…aunted by doubt and fear shouting out that only hurt, shame, and retribution are to be found there. Paradoxically, it is at these moments that Doubting Thomas encourages faith in me; a faith that believes that death has been confronted, that wounds can be healed and that beauty comes from ashes. It is a deep faith that believes that a resurrected life is there to be searched for and found. I am captured by the hope that this is possible in my city, country, and world. However, that hope will be mere cheap optimism if it doesn’t confront and embrace how deep the wounds are and how significant the challenge for resurrection is.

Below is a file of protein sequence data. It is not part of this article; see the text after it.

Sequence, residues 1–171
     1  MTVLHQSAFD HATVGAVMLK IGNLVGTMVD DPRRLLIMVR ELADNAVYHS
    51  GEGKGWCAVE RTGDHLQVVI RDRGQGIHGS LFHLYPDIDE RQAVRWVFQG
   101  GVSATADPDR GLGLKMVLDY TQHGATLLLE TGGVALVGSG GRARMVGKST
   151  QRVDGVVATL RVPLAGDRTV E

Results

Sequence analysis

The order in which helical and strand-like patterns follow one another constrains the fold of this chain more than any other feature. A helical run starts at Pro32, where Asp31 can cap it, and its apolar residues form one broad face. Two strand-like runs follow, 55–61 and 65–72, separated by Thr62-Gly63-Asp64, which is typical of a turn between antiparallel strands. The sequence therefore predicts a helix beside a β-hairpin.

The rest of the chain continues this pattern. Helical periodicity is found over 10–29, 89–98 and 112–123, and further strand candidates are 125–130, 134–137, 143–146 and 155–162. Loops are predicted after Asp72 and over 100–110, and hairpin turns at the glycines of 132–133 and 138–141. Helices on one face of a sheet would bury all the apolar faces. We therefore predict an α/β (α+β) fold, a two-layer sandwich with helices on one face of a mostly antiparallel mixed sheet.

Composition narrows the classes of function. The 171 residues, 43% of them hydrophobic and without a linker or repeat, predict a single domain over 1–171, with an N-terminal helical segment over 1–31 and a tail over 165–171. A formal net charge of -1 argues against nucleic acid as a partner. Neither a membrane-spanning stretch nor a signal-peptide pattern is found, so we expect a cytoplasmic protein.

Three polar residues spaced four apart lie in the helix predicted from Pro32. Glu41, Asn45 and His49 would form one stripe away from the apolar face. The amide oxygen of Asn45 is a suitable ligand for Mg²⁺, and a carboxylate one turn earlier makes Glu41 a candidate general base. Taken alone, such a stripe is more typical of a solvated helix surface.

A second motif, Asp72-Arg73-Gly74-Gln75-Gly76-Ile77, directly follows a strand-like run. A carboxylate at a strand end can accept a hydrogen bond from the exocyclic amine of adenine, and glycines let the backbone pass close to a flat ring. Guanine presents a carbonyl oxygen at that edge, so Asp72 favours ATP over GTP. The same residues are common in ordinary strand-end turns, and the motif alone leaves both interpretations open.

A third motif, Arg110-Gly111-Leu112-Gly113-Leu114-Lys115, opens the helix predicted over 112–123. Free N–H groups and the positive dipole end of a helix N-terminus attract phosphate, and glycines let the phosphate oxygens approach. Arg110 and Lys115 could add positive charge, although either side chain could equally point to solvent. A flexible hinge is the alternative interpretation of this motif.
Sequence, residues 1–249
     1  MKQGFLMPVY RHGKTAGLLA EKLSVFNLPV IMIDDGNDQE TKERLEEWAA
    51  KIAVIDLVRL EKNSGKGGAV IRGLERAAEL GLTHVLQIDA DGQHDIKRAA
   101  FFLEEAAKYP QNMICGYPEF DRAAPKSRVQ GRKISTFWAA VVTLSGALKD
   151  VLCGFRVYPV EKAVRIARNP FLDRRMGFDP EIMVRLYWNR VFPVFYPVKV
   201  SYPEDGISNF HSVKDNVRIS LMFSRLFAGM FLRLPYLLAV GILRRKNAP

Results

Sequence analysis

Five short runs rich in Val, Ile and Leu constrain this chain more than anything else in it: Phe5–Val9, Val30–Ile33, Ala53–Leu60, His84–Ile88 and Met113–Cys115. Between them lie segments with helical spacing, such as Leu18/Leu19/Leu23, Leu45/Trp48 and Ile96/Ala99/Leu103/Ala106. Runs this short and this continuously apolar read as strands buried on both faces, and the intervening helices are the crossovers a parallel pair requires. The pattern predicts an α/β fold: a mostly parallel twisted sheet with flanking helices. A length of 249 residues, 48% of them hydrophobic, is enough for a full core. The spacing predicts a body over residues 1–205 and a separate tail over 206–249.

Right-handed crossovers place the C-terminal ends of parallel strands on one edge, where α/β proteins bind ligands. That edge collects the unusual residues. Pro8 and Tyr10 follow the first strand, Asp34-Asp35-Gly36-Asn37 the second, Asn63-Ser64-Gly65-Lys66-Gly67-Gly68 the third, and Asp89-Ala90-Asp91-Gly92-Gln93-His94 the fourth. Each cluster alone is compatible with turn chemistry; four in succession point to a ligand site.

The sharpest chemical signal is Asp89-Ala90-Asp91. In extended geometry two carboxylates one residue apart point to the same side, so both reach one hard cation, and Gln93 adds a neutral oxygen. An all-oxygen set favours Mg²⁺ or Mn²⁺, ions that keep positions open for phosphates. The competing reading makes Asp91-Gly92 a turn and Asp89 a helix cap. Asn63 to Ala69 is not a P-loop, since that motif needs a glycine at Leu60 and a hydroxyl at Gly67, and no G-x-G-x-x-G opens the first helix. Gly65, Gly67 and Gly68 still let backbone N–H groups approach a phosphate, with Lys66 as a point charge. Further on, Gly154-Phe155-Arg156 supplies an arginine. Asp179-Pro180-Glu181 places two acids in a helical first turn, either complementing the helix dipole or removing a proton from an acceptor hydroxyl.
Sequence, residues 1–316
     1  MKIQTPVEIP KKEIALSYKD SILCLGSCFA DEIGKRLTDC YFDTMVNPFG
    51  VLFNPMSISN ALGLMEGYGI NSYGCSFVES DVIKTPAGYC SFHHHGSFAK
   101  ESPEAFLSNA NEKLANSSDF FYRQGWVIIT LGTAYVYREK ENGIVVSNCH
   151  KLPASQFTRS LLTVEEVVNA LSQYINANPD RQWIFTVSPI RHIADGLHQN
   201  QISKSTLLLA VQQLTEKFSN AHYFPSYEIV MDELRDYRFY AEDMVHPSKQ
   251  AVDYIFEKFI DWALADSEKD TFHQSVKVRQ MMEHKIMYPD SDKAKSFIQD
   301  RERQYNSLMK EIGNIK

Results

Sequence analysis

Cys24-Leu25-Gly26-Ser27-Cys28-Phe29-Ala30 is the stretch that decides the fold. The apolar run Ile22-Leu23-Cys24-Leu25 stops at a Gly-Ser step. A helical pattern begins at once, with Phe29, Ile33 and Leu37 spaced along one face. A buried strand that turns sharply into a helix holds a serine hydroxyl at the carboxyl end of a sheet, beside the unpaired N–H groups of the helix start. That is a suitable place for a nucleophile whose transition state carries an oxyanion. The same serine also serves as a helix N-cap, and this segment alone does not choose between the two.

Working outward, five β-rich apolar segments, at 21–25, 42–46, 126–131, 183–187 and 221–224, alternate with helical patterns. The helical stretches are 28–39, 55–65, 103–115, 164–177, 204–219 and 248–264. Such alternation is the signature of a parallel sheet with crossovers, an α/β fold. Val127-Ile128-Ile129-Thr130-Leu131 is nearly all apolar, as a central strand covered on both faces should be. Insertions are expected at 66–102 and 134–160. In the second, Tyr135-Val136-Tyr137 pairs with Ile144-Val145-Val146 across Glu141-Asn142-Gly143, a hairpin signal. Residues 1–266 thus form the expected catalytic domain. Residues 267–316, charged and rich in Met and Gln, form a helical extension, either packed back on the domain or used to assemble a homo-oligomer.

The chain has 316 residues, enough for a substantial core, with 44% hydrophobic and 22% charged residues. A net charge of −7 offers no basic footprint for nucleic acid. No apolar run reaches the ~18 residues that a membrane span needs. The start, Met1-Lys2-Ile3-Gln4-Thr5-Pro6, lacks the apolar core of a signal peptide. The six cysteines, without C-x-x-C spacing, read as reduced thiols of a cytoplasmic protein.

Dare I believe that if I am willing to see, touch, and experience the deepest death creating wounds in my life, community, and society they might actually lead me to discover resurrection? Thomas guides me to the truth that we can know the experience of death-defying resurrection hope, primarily when we are willing to confront the death and the wounds that caused it. Thomas does this, not with faith-filled bravado, but with doubt and anxiety, mirroring my emotions when confronting them.